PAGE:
6. Ola Doudin: Founder at BitOasis, Jordan

A Jordan native, Ola Doudin studied electronic engineering at the University of Birmingham in the United Kingdom, and taught herself to code. With the drive to push the boundaries of traditional career paths in government, engineering, or large companies, and cultural expectations that most Arab parents want for their children, in 2015 she began to explore the potential for blockchain technology and cryptocurrencies in Jordan. As she recognized there was a gap in the financial infrastructure of the region, she also saw a rising technology that could help. In 2015 more than half of the residents in the Middle East had access to the Internet, but less than 20 percent had a bank account. Thus she founded BitOasis, one of the first Bitcoin wallets and exchanges in the Middle East and North Africa. According to Technology Review, as of June 2017 BitOasis has been processing over $60 million per month, and doubling in volume every subsequent month.

7. Omnia Shawkat: Founder of Andariya, Sudan

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Andariya mission is to build multiple digital platforms of edutainment, technology, contemporary and gender issues for a broad audience of socially conscientious, tech savvy, information hungry, internationally exposed communities tuned into affairs of the Sudans. Written in English and Arabic, Andariya was a response to the extensive research done on the unspoken and unseen Sudanese contemporary cultural diversity.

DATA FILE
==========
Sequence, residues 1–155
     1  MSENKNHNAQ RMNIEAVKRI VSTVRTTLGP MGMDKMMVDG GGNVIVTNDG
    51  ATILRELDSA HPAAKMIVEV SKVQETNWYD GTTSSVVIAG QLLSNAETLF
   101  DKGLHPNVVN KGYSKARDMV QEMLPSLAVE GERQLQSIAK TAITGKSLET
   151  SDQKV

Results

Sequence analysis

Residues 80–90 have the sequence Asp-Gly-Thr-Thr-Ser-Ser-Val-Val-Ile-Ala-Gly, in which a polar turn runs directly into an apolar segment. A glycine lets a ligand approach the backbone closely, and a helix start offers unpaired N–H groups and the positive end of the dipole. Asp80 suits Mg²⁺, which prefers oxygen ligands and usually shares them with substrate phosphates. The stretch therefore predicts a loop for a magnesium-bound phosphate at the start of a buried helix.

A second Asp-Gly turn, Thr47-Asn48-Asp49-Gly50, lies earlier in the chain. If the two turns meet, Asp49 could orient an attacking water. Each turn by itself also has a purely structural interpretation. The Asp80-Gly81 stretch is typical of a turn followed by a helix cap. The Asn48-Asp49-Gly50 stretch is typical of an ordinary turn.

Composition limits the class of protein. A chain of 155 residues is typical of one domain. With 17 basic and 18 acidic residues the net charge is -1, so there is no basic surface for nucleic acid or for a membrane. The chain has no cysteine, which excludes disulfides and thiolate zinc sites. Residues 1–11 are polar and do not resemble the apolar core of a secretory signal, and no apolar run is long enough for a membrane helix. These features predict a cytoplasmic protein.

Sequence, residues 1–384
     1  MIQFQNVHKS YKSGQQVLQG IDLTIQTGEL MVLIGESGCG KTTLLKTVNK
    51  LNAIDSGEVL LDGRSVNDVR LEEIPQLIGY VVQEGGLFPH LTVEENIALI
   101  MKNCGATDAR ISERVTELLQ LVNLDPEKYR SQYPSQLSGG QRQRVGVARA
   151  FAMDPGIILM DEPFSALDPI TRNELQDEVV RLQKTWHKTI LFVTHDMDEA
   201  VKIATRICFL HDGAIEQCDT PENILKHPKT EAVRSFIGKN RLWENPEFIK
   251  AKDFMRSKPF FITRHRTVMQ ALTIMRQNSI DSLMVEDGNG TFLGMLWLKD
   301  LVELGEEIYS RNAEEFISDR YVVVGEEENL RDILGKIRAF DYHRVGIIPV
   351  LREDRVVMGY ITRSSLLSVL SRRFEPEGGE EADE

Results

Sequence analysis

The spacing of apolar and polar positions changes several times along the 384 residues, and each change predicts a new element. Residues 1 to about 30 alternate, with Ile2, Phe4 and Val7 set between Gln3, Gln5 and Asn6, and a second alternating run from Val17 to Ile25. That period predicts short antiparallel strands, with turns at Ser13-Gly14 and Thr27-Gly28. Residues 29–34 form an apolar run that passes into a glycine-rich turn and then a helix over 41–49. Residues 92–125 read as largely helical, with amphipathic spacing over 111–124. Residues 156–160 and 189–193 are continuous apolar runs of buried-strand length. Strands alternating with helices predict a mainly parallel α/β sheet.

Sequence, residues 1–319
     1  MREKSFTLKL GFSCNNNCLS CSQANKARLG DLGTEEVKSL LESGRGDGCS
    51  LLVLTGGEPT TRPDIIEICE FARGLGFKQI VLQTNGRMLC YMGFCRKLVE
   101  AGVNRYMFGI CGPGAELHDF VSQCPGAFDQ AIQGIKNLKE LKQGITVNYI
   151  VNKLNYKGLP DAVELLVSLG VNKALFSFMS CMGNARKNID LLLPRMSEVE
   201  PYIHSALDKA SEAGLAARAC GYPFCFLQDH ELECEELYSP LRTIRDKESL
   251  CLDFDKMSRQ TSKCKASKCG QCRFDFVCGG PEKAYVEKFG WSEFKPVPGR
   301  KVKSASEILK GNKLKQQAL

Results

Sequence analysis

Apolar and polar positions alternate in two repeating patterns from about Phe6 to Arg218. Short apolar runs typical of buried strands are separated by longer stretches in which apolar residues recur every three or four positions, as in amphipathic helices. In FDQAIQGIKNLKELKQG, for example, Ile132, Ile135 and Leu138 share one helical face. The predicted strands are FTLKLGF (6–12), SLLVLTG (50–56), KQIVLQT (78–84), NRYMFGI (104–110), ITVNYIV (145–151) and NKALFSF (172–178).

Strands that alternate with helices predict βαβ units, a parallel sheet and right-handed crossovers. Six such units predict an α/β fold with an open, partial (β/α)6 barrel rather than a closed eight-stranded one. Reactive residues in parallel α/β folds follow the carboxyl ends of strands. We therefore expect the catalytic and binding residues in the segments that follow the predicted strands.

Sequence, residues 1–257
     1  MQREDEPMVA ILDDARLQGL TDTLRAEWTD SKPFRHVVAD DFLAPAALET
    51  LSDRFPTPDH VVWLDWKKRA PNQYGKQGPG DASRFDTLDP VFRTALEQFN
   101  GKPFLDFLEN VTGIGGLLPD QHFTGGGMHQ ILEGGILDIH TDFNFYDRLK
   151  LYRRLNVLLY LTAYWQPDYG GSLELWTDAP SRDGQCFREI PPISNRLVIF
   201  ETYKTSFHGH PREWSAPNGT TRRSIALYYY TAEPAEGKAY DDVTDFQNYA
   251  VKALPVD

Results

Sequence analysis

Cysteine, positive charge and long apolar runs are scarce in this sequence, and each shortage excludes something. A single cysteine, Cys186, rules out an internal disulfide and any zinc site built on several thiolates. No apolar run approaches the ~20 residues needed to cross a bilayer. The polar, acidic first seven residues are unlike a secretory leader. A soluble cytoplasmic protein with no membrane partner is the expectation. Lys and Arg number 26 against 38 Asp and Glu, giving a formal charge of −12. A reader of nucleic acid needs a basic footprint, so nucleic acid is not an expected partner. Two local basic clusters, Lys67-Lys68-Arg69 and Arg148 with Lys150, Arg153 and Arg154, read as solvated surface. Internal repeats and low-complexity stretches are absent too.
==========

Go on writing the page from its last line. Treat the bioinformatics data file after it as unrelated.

8. Ernestina Appiah: Founder at Ghana Code Club, Ghana

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Ghana Code Club is a non-profit after school program for children between the ages of 9 and 18 provided across the country. The NGO teaches kids to make games, animations and websites, and trains teachers with the goal to increase the number of girls in tech. Ghana Code Club is member of the #eSkills4Girls Africa Network, an initiative aiming at closing the existing gender digital gap, specifically in developing countries. The goal is to increase the access of women and girls in the digital world and to boost relevant education and employment opportunities globally. This platform was initiated by the G20 members with the UNESCO, UN Women, ITU and OECD to collect and disseminate information and knowledge as well as policy recommendations, good practices and flagship projects on gender digital equality.